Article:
Intro to crypto custody: the benefits of self custody

Web3 gives users a chance to take true ownership of their assets. Where traditional finance is centralized—meaning government-backed fiat currency, stored in some Big Bank—Web3 is decentralized. And while the future might bring brand new tech, today this decentralization is powered largely by cryptocurrencies and blockchains.

But this decentralization means Web3 users have an important choice about where to place their trust, and how to safely store their crypto. While there are certainly custodial options in Web3, another, arguably more secure option is to hold assets in a crypto wallet—a concept known as “self custody.”

Some compare self custody to keeping assets (like gold or cash) in a safe rather than a bank. A better comparison is that self custody is like being your own bank. With self custody, you alone have the ability to manage (or transact with) your assets. And you can still reap the benefits of crypto: it’s natively digital, accessible 24/7, gives near-instant settlement times, and easily transacts across borders.

To understand the details and benefits of self custody in crypto, it’s first important to know what “custody” means, and how it differs from “storage.”

Storage versus custody in crypto

While this language isn’t exact, you can think of cryptocurrency as being stored on a blockchain network; for all intents and purposes, that’s where the assets actually “live.” Those who have access to those assets are said to have “custody.” But to explain custody, we first need to understand how crypto assets are minted (or newly created).

When assets are minted, they’re distributed to crypto addresses according to the rules of the network or smart contract (that’s when Bitcoin miners or Ethereum validators receive their “rewards” for upholding the network). Every crypto asset in existence, then, is assigned to some crypto address—even if it’s not accessible (like the infamous ETH burn address). That means someone owns, for example, every bitcoin (BTC) or ether (ETH) in existence. Once minted, it’s impossible for there to be “unclaimed” assets (i.e. those that aren’t linked to a crypto address).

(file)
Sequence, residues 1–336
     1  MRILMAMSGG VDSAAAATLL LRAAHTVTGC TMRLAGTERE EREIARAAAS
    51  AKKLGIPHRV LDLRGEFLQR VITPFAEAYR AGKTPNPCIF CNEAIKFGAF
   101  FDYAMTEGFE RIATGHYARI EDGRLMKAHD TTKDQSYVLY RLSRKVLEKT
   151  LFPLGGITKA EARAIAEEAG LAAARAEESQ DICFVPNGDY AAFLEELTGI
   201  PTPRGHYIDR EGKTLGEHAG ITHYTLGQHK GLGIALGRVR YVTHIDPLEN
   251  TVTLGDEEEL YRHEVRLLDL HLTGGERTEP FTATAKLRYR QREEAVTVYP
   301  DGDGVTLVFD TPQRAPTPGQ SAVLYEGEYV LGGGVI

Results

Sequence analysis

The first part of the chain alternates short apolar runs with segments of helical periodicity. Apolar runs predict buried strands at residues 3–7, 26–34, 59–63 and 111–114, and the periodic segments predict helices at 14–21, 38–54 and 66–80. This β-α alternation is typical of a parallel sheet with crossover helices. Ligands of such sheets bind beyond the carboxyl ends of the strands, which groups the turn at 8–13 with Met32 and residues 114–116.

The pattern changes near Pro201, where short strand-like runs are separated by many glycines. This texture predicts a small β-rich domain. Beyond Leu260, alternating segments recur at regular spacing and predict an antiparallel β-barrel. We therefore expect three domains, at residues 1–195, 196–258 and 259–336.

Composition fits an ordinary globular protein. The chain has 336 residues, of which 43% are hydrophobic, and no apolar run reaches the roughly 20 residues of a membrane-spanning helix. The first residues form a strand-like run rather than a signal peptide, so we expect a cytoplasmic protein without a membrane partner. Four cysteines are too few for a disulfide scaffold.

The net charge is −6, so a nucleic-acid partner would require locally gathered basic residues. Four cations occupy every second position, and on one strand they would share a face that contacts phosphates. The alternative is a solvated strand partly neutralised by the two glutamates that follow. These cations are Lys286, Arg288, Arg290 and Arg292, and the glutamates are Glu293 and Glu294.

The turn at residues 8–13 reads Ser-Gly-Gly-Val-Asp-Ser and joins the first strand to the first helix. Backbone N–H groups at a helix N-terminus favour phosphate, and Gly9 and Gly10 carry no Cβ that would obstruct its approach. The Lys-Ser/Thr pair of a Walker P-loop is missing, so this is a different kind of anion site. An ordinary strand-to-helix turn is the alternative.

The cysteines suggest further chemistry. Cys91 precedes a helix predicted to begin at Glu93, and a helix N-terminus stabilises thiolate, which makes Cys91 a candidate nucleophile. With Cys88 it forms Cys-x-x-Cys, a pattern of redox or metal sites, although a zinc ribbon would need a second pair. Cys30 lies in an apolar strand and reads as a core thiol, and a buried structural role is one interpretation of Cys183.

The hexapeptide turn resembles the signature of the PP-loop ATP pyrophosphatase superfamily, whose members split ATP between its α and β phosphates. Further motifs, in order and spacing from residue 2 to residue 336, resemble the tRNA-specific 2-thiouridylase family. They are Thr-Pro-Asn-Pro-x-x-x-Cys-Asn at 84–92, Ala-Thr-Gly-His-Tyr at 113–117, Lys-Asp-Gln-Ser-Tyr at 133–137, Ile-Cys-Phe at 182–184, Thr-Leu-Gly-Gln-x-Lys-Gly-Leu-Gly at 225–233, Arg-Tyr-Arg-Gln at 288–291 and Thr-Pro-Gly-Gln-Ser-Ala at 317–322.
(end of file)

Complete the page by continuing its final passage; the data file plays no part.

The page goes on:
Meanwhile, each crypto address has an associated private key, which grants control over the assets that are stored in that address. Whoever has control of that private key is said to have “custody” over the assets (thus the maxim—common in Web3 circles—that says “not your keys, not your crypto”).

A crypto wallet, then, doesn’t actually “store” your crypto assets (that happens on their respective blockchains); rather, the wallet stores your private keys. To manage the assets in your crypto address through a crypto wallet interface, you’ll need to give it access to your private keys (often by importing your recovery phrase). For this reason, it’s important to only enter your recovery phrase into a secure, trusted self-custody wallet provider (like Brave Wallet).

While it’s not a perfect analogy, you can think of a blockchain network like a self-storage complex. Using this analogy, we can (hopefully) clarify the core concepts:

  • Crypto address: Your crypto address is your individual storage unit within the complex; you can fill it with anything you want.
  • Private key: Your private key is like the physical key to the padlock on the storage unit—it’s the only thing that can open the door. Whoever has that key has complete control of the storage unit (or crypto address) and all the stuff inside.
  • Self custody: Self custody is like keeping the padlock key in your pocket; only you have access to the stuff inside the storage unit.
  • Third-party custody: Third-party custody, by contrast, is like giving the key to the manager of the self-storage complex—they hold it, and you trust they’ll give it back when you ask. (This is essentially what happens with a centralized exchange.)
  • Crypto wallet: To complete the analogy, when you import your private key to a self-custody crypto wallet, you’re basically creating a copy of the storage-unit padlock key—another way to access the stuff inside. (As you can imagine, you’d only want to do this with a trustworthy wallet provider.)

Asset custody and the element of trust

In the Web 2.0 financial system, we trust centralized entities like banks and governments with our assets. When you deposit money in a bank, you give a third party control (or custody) over your assets, trusting that the bank will have that money ready for you to withdraw later. If for some reason the bank doesn’t, you trust that it’s insured and that your government will reimburse your losses.

Instead of trusting banks and governments to provide custody, Web3 can put you directly in control of your assets. While centralized crypto exchanges (CEXs) have cropped up to provide easy on-ramps and custody for crypto, the true spirit of Web3 is about self-custody. After all, trusting a CEX means trusting a centralized corporation that’s (in many ways) just as opaque as a bank. And, of course, there is still some centralization in Web3, which presents its own unique set of risks (just consider the recent blowup of the FTX centralized exchange). But self-custody gives you another option—and a new set of security considerations.

With a self-custody wallet, you’re solely responsible for the security of your assets, because you alone control the private keys. (Note that before CEXs existed, all crypto wallets were self-custody.)